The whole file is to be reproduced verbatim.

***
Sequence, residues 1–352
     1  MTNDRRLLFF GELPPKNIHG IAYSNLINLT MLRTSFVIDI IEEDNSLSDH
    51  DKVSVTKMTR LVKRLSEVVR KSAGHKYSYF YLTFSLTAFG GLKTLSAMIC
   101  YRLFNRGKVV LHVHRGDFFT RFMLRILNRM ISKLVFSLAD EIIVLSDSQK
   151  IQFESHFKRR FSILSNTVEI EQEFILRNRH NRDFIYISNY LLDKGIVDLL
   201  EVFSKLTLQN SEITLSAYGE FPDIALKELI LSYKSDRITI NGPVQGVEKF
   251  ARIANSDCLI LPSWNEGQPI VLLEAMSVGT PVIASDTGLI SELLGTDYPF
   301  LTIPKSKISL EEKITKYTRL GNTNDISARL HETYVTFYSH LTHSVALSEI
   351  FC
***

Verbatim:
Sequence, residues 1–352
     1  MTNDRRLLFF GELPPKNIHG IAYSNLINLT MLRTSFVIDI IEEDNSLSDH
    51  DKVSVTKMTR LVKRLSEVVR KSAGHKYSYF YLTFSLTAFG GLKTLSAMIC
   101  YRLFNRGKVV LHVHRGDFFT RFMLRILNRM ISKLVFSLAD EIIVLSDSQK
   151  IQFESHFKRR FSILSNTVEI EQEFILRNRH NRDFIYISNY LLDKGIVDLL
   201  EVFSKLTLQN SEITLSAYGE FPDIALKELI LSYKSDRITI NGPVQGVEKF
   251  ARIANSDCLI LPSWNEGQPI VLLEAMSVGT PVIASDTGLI SELLGTDYPF
   301  LTIPKSKISL EEKITKYTRL GNTNDISARL HETYVTFYSH LTHSVALSEI
   351  FC